Total consumption fell by 340 thousand bbl/d (1.8 percent) last year. Motor gasoline consumption accounted for the bulk of that decline, shrinking by 260 thousand bbl/d (2.9 percent). In 2012, total consumption falls by a further 170 thousand bbl/d (0.9 percent). The year‐over‐year decline in total consumption narrowed from 680 thousand bbl/d in the first quarter of 2012 to 110 thousand bbl/d in the second quarter. In the third and fourth quarters of 2012 EIA expects a turnaround in total liquid fuels consumption with a smaller year‐over‐year decline of 30 thousand bbl/d (0.2 percent) in the third quarter and a projected year‐over‐year increase of 120 thousand bbl/d (0.6 percent). Most of the recovery comes from natural gas liquids, which rise because of continued growth in industrial use and the assumption of near‐normal weather this coming winter.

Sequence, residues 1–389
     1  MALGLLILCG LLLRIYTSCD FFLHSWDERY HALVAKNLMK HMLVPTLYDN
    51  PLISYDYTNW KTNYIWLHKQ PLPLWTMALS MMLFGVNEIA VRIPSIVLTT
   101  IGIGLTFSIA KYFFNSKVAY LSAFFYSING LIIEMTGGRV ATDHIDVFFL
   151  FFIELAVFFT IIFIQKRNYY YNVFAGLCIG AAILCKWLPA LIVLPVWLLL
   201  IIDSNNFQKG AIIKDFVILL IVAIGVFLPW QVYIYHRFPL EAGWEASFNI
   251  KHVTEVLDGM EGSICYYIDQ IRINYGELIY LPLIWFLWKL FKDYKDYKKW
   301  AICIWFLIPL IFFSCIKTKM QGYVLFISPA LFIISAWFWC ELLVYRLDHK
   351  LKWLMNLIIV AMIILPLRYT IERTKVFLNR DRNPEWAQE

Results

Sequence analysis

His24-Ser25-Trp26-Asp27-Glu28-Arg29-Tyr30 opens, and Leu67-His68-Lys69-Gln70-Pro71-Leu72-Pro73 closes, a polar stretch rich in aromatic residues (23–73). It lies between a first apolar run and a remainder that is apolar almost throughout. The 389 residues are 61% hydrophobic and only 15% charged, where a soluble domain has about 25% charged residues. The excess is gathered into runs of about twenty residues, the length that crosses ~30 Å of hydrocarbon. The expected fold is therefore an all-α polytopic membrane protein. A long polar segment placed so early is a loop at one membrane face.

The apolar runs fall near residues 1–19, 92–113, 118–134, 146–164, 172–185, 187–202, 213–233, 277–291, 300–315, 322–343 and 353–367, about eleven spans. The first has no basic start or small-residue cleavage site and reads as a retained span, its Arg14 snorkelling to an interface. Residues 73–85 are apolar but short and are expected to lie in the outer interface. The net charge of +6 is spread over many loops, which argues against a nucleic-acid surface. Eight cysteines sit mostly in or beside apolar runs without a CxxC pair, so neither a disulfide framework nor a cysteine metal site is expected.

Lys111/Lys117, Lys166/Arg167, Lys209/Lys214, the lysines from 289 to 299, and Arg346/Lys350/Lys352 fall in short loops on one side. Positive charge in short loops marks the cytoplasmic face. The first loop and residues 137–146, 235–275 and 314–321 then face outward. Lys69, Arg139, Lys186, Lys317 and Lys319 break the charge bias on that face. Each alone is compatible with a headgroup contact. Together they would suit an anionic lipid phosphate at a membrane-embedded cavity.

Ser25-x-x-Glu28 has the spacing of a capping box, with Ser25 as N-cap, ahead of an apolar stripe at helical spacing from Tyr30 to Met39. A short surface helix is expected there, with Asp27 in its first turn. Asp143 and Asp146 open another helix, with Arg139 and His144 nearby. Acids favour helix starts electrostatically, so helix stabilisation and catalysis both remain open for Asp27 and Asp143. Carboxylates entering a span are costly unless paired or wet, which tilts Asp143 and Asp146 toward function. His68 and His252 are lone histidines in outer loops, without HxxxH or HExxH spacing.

In 2013, total liquid fuels consumption grows by 60 thousand bbl/d (0.3 percent), led by a 50‐thousand‐bbl/d (1.2‐percent) increase in distillate consumption and 30 thousand bbl/d growth in liquefied petroleum gas consumption. Despite an assumed increase in the growth rate of U.S. real disposable income from 1.1 percent in 2012 to 1.7 percent in 2013 and projected declines in retail pump prices of almost 6 percent in 2013, forecast motor gasoline consumption declines by 30 thousand bbl/d (0.4 percent). Gasoline consumption continues to fall because of slow growth in the driving‐age population, the acceleration of improvements in the average fuel economy of new vehicles, and increased rates of retirement of older, less‐fuel‐efficient vehicles.